Conifer Confetti

When you move to a new city and state, you deal with the expected and the unexpected. The expected includes boxes that don’t unpack themselves (but what a great invention, right?), over-the-fence greetings with neighbors (categorized as “nice”, “cranky”, and “utterly weird”), and enough wrong turns on roads where you finally pull over and mutter, “Where the heck am I?” Unexpected includes the drip of a leaky pipe ($$$, sigh), chew-crazy squirrels in the backyard (anything plastic is fair game), and, oh yes… pine cones. Lots and lots of pine cones.

Five acres may seem like a lot to some of you readers but to us it’s downsizing from our ranch in Colorado.  You’d think a property a sixth the size of the former would suggest lower maintenance.  After last Sunday I’m not so sure.  My wife came in from the barn the day before and said, rather gently, “We should probably pick up the pine cones in the back pasture before they get out of control.”  Simple enough.  After we fed and watered the horses, we went out to the field with the muck rakes and began picking.  A muck rake can hold ten pine cones.  Around the first tree I figured I picked up fifteen rakes’ worth.  Again, simple enough… except we have at least twenty pine trees.  Do the math.  Our pickup amounted to a motherlode of pine cones, somewhere between two and three thousand.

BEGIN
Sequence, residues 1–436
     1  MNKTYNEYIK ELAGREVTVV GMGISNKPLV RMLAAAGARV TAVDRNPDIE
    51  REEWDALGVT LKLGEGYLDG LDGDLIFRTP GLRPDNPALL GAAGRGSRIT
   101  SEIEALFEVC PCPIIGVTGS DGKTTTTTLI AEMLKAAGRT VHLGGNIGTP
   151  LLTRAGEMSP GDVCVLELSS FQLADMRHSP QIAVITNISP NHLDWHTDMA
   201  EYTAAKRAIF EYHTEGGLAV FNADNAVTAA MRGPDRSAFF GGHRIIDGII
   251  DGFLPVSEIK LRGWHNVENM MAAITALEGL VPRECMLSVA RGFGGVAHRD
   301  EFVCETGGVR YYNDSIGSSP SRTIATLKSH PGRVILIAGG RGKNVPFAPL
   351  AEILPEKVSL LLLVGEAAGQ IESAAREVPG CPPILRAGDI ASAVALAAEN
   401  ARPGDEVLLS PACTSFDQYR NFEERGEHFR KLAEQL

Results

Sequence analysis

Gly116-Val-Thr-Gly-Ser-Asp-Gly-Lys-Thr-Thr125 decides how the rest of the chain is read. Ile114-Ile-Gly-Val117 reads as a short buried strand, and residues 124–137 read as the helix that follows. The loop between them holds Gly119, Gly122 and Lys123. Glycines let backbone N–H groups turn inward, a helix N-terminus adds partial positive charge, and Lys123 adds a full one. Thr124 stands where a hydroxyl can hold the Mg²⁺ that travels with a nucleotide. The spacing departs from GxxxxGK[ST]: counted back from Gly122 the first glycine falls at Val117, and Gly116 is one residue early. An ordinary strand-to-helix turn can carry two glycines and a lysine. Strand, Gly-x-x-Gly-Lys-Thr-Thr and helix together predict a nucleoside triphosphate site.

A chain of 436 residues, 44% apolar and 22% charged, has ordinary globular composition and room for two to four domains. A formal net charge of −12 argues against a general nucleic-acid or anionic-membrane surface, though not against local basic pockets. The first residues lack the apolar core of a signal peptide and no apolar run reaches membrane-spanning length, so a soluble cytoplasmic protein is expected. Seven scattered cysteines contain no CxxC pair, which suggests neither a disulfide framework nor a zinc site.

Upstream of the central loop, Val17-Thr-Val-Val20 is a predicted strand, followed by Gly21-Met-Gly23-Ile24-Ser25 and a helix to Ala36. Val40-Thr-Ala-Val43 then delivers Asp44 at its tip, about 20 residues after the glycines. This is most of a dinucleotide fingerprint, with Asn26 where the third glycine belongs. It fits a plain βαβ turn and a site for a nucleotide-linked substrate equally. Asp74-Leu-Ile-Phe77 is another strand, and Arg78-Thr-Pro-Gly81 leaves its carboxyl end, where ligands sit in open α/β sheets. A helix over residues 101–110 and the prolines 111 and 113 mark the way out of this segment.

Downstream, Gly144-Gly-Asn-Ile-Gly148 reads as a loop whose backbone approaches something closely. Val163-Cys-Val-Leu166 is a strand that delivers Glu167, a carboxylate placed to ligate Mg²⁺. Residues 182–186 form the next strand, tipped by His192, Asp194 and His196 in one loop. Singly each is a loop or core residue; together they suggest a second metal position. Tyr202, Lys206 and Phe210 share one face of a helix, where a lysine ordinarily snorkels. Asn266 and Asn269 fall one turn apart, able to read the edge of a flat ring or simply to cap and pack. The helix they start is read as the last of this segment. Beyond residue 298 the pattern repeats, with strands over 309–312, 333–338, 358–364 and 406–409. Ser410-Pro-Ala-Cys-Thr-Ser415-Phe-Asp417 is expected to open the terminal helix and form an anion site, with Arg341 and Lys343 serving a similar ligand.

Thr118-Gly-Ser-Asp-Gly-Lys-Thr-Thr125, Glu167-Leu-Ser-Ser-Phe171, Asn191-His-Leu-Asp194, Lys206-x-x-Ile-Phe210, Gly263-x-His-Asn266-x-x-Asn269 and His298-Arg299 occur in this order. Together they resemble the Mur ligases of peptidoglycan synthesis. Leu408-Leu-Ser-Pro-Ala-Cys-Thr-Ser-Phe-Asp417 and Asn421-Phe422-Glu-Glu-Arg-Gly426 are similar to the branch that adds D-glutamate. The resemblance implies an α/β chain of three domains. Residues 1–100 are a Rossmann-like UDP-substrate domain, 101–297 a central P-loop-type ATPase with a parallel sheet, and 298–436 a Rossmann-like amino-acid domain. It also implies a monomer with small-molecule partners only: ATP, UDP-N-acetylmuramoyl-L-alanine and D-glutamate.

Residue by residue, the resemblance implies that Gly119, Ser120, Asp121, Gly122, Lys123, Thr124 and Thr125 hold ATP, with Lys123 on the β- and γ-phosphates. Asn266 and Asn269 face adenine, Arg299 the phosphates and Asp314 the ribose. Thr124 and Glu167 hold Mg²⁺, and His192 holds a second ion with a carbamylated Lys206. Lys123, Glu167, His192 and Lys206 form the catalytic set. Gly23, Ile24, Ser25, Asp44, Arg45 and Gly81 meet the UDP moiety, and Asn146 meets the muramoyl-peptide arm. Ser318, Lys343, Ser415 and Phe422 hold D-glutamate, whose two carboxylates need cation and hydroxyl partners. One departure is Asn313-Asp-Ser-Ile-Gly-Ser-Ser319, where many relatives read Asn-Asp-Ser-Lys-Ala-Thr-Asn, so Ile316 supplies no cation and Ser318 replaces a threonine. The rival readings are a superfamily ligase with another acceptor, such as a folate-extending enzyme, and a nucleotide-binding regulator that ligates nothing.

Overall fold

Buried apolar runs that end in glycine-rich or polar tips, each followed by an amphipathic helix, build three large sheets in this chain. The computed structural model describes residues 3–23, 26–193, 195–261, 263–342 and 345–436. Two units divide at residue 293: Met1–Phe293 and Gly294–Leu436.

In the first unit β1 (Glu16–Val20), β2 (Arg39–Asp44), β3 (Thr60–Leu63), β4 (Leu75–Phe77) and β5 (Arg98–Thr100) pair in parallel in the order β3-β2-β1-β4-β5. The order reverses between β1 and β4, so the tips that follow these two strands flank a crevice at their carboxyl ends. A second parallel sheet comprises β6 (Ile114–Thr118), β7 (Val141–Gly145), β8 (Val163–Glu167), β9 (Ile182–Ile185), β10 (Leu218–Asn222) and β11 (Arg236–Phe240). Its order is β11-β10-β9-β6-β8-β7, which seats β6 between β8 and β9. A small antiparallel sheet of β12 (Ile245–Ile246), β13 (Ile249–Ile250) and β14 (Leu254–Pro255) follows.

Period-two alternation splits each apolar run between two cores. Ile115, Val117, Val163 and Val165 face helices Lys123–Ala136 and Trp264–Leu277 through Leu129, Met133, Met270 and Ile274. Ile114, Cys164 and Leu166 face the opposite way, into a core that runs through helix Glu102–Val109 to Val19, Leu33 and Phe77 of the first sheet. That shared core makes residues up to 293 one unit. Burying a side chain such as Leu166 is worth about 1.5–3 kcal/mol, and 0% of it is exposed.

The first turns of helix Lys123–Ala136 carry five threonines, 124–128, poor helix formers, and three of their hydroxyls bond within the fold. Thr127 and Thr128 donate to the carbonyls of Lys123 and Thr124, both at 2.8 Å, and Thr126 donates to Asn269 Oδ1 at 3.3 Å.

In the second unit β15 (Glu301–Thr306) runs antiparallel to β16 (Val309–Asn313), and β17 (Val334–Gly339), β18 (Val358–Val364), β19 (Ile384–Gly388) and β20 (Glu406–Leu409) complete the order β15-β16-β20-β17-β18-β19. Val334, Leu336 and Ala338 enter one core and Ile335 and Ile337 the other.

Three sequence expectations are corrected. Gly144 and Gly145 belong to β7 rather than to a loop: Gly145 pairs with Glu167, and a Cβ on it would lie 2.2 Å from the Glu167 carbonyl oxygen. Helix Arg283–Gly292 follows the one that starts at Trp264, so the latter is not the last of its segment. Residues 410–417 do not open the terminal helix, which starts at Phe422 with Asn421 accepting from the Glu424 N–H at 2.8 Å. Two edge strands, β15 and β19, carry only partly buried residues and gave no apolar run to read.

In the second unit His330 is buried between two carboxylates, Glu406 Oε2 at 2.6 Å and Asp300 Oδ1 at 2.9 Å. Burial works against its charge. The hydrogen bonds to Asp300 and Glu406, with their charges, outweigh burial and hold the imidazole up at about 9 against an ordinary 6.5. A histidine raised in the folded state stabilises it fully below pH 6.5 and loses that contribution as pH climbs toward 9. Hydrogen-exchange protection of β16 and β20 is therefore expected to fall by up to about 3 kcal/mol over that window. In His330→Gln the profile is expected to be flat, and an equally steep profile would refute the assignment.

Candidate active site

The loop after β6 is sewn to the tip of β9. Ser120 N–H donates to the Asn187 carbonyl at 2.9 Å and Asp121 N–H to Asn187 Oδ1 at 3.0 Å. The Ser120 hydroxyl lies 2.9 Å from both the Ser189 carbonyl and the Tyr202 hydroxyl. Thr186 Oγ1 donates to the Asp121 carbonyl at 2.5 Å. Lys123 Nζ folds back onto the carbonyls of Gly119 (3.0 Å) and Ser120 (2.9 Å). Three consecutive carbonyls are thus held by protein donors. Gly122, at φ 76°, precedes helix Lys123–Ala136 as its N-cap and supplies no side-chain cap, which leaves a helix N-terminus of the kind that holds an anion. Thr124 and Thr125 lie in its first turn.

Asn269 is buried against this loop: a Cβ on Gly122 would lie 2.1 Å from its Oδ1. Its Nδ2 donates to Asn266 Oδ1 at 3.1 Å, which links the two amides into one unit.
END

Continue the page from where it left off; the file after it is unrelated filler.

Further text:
Back in Colorado we had, like, one pine tree on our property (a magical one actually, which I wrote about in My Dandy-Lion Pine Tree).  After last weekend I’m thinking I should’ve amended our purchase agreement on the new place to say, “Remove nineteen of twenty pine trees”.

I need the “giant” version of this

What does Dave do with all of his pine cones?  Nothing, for now.  The most efficient system of gathering is to throw them against the base of the trees and then haul them away to the “yard waste” dump.  But in the three hours we collected cones, I had plenty of time to think about better ways to do it.  The neighbors suggested a “pasture vacuum”, which is like one of those big spinning brushes you see in the car wash, dragged behind the tractor.  Others suggested a big bonfire, pretty much the last thing a person from Colorado wants to see in their backyard.

My new pet